For weeks, protestors affiliated with activist group Tar Sands Blockade have tried to halt construction of the southern leg of TransCanada’s pipeline from Alberta to the Gulf Coast. On Monday, one protestor chained himself to an underground piece of equipment, delaying for hours a crew tasked with clearing the the pipeline’s path.
The local ABC affiliate, KLTV, covered the story.
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What’s remarkable about this isn’t just the protestor’s action. It’s also striking to note how the landowner feels about TransCanada.
We’ve covered landowner hostility to TransCanada before: a family in northeast Texas whose land was seized by eminent domain after they declined to sign a contract with the pipeline giant.
Here’s Susan Scott, owner of the property where Monday’s action went down, confronting surveyors on her property in July.
Scott signed a contract with TransCanada, but feels misled about the deal. The KLTV reporter notes that she didn’t mind having protestors on her property. Her son, Gabriel Cordova, went on camera to explain why.
We signed [the contract] under the intention that it was going to be for a crude oil procedure — that it was just going to be pumping crude oil from here to there, refining it, and shipping it out. But the stuff that they’re pumping through is definitely not crude oil. It is completely toxic.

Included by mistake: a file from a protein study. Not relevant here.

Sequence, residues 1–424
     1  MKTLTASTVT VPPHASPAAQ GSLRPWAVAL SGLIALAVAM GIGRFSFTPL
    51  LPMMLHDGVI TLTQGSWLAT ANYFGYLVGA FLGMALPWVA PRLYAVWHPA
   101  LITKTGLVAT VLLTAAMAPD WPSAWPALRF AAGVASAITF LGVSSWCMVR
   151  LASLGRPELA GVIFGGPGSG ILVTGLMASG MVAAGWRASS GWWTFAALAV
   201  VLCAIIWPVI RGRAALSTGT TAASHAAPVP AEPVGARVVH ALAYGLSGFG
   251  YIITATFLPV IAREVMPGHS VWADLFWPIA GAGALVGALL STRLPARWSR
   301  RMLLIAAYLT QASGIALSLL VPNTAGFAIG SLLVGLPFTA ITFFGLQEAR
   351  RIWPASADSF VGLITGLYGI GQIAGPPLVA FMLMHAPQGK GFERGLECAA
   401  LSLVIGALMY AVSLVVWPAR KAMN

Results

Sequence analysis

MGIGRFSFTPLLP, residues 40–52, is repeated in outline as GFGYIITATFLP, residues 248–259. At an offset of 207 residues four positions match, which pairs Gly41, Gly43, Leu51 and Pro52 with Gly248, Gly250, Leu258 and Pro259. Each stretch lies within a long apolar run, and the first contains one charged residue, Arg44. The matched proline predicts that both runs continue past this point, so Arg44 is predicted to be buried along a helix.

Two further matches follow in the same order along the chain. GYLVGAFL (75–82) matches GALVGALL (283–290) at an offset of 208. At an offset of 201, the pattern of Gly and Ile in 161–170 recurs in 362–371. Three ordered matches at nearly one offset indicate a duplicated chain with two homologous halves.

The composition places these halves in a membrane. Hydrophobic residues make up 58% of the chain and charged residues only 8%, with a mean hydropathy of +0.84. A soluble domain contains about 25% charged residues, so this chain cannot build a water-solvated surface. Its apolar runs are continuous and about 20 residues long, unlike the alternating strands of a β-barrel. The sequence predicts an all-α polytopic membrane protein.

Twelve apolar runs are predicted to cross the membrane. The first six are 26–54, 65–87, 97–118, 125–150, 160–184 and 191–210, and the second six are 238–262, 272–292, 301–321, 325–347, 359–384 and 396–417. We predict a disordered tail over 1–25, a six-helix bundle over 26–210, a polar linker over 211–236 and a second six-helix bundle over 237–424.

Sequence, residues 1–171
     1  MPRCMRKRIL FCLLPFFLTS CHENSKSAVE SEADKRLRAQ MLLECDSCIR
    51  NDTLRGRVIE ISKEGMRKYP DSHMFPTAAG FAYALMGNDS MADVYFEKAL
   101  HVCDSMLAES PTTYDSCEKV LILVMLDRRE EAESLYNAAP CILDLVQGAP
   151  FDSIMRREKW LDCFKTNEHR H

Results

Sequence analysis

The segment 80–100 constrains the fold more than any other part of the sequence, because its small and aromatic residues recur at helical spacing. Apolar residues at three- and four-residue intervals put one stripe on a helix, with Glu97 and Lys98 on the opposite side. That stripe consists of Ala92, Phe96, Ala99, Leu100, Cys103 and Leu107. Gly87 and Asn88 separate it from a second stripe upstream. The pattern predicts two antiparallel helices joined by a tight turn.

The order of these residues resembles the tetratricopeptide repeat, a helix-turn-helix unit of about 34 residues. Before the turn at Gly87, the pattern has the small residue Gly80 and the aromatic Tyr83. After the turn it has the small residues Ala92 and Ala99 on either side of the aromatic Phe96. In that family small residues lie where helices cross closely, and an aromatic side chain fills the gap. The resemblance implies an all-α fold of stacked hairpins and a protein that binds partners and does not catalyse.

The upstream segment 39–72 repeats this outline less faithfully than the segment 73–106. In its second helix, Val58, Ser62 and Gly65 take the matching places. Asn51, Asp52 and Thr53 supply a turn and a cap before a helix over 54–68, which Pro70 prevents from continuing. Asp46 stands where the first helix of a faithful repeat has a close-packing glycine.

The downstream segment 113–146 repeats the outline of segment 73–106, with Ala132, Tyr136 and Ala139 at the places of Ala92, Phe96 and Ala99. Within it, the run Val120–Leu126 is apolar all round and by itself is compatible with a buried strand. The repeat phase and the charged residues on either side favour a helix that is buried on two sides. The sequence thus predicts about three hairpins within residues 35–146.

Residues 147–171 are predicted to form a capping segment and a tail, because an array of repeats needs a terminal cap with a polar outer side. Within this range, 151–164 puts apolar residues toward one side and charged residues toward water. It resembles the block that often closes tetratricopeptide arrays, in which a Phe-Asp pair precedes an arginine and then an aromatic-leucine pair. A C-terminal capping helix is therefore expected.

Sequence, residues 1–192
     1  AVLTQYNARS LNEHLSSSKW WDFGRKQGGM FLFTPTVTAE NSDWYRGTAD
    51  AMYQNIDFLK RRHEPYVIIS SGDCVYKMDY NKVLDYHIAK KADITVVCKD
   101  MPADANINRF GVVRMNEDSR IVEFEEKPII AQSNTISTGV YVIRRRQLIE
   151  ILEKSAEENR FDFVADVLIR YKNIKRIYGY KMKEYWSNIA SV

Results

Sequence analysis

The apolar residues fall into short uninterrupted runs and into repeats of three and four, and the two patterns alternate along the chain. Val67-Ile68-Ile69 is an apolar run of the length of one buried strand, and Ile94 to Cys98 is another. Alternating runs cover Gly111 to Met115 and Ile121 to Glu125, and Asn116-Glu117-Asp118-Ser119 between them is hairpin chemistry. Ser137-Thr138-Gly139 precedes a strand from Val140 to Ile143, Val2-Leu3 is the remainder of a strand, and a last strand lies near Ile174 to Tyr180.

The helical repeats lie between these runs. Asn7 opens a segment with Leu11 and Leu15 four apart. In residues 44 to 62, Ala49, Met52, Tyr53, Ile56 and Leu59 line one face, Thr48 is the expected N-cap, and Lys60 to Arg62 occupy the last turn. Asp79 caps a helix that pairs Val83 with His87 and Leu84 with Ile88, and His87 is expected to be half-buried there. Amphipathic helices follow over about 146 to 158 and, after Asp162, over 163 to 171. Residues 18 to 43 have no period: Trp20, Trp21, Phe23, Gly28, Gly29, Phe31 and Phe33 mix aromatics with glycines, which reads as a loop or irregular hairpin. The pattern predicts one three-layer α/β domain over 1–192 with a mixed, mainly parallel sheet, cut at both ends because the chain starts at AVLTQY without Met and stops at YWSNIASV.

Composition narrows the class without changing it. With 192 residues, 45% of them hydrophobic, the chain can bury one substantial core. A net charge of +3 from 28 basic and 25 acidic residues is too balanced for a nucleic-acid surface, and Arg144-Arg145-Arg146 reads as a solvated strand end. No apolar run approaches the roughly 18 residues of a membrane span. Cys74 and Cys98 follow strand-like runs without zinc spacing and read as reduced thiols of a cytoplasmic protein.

(If you would like a reminder of how toxic, here ya go.)
I just wanted to move out here and just live in peace. Peace and quiet. And now we’re having to fight a major, billion-dollar corporation over land, over our land. And if we didn’t accept anything from them, they were just going to take it by eminent domain, and our government let that happen. It’s just very frustrating to be an American when this is going on. Very frustrating.
That’s remarkable. TransCanada has a financial agreement with Scott — but Scott and her family support the protestors, and the effort to make things as difficult for TransCanada as possible.
Scott and Cordova highlight the false choice at the heart of TransCanada’s push: You can sign a contract — with, it seems, a lack of clarity about what is being signed — or you can have your land seized. It’s an offer that a landowner can’t refuse.
That’s our government, Susan Scott. That’s not us.